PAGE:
Posted on 01 November 2019

Power-Save Mode Principles in Low-Power Synchronous Buck Converters

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As with many engineering problems, there is no single best answer

Modern synchronous buck converters for portable applications provide so called powersave mode operation to maintain high efficiency over the entire load range. At light loads, the converter operates with pulse frequency modulation (PFM mode) providing automatic transition into pulse width modulation (PWM mode) at medium to heavy loads.

By Christophe Vaucourt, Portable Power Systems Engineer (MGTS), Texas Instruments


This topic discusses different PFM mode techniques used in modern buck converters such as single threshold PFM regulation scheme and current controlled PFM operation.

In applications requiring fast load transients out of light load operation, the load transient response of the buck converter can be improved with the help of features like fast PFM mode or dynamic voltage positioning.


Figure 1 shows a simplified schematic of a buck regulator featuring the high-side PMOS switch (Q1) and low-side NMOS rectifier (Q2). Each MOSFET also includes a back-gate diode as shown in the diagram.

Simplified Synchronous Buck Converter

A buck converter operates by applying a fixed frequency pulse width modulated (PWM) waveform to an L-C filter. The filter then averages the PWM waveform, resulting in a DC output voltage. For highest efficiency considerations, low voltage DC/DC converters are generally using synchronous rectification (SR) schemes, refer to Figure 1.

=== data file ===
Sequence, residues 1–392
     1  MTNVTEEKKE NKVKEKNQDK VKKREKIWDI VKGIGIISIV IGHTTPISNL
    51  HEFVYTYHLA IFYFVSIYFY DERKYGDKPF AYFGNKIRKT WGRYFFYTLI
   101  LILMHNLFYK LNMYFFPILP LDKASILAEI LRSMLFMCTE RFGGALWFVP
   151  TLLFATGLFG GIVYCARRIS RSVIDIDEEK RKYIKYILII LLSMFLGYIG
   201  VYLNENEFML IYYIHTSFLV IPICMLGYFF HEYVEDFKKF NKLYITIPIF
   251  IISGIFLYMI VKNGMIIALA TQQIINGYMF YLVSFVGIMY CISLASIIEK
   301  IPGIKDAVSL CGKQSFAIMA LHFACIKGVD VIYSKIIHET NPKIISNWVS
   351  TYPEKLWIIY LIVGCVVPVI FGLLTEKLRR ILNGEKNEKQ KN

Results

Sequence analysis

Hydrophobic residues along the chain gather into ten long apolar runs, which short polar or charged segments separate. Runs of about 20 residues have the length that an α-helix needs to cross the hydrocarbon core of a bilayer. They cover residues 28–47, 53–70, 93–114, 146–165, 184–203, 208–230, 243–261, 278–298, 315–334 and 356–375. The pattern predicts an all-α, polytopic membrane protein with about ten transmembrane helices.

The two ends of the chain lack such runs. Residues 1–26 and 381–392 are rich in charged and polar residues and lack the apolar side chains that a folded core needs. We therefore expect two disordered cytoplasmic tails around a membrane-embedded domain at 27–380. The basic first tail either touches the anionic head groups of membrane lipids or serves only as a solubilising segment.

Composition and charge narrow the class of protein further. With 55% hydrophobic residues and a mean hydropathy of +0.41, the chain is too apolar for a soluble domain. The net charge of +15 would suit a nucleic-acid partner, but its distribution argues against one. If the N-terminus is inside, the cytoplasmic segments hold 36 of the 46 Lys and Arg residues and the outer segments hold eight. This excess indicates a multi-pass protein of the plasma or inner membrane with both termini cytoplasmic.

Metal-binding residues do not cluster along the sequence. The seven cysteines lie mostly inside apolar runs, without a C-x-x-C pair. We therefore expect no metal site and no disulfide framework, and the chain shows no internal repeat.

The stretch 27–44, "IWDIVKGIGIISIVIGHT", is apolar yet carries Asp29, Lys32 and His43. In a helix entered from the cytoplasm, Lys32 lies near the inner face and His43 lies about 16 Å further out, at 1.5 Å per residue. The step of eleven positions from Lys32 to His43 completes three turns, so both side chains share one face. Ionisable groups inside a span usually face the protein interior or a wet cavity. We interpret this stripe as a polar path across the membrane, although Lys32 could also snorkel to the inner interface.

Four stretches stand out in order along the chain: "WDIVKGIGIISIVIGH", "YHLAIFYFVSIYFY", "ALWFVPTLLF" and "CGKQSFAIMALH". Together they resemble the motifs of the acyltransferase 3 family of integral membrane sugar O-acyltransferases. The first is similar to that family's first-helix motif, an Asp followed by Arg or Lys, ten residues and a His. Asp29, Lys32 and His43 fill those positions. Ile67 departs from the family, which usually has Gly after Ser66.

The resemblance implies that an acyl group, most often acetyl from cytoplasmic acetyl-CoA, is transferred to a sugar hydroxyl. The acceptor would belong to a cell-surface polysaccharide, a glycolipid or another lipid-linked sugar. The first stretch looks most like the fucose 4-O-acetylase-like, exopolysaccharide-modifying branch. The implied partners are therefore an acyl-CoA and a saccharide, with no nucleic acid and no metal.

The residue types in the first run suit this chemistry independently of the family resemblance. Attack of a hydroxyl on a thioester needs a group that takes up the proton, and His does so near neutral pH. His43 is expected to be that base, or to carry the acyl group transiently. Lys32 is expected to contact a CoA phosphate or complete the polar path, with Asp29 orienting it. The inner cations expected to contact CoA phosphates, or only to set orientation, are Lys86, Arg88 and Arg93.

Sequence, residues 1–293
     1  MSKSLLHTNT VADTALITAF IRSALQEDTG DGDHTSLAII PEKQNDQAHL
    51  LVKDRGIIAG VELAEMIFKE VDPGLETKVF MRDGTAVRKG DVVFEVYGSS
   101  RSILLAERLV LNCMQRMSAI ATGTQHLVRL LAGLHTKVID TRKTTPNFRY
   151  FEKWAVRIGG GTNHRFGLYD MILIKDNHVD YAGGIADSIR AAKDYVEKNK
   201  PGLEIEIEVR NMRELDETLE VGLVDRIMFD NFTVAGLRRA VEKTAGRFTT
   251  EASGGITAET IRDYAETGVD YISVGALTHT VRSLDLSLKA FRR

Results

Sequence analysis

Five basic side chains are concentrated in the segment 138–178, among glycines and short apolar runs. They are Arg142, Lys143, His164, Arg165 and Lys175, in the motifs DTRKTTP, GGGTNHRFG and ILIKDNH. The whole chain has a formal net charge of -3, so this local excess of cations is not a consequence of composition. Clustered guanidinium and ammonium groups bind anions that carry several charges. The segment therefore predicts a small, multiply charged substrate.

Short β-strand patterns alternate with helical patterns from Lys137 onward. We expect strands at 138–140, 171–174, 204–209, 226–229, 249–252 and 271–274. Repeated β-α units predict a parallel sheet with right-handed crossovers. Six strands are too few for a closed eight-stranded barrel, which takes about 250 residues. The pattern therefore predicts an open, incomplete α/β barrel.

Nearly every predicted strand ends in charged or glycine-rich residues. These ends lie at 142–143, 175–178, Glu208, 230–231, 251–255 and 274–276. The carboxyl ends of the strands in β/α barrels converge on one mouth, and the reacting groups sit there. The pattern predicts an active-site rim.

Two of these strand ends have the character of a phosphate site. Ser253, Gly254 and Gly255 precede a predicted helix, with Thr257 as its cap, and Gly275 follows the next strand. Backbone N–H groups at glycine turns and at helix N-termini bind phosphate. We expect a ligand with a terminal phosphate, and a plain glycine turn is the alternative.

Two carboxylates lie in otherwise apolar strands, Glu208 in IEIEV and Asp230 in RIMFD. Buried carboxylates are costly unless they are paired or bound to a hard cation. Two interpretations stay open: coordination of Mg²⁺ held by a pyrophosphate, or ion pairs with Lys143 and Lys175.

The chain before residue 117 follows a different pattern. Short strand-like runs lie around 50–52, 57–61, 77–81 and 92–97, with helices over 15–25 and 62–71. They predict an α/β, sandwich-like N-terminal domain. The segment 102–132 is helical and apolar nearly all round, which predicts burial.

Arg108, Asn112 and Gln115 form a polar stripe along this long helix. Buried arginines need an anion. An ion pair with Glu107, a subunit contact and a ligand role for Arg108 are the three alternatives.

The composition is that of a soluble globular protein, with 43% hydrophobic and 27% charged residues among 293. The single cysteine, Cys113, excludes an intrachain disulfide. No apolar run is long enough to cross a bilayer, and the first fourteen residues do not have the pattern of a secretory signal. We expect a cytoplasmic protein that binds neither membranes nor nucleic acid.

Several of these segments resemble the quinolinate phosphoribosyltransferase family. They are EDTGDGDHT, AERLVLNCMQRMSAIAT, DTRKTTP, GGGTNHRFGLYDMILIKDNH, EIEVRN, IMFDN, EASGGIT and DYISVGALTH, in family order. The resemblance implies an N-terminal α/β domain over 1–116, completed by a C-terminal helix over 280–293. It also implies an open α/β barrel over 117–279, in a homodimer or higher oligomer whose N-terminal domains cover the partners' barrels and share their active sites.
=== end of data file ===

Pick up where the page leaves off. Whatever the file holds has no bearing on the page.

To begin a discussion of DC/DC converters, a few fundamental relationships need understanding. In an ideal (lossless) buck converter, the input voltage and the duty cycle of the switch determine the output voltage.

Equation 1

Where the duty cycle is defined as the ratio of the main switch ON time to the total period. This relationship holds as long as there is continuous current flowing in the inductor.

The next step is to follow the operation of the circuit for one switching cycle. In a first step, the PWM signal turns on the main switch (Q1) and the inductor current transitions from the SR (Q2) to the switch (Q1). The current flows from the input capacitor via the high-side switch (Q1) through the inductor into the output capacitor and into the load. To close this loop, the current returns back to the input capacitor. During this phase, the current in the high-side switch (Q1) and the inductor ramps-up until the high side switch is turned off.

In a second step, the PWM signal turns off the main switch (Q1) and the inductor current transitions from the switch (Q1) to the SR (Q2). The current still flows from the inductor into the output capacitor and into the load, but it returns back through the low-side MOSFET rectifier (Q2). The inductor and rectifier current will ramp down. During the rectification cycle, the input capacitor is charged-up.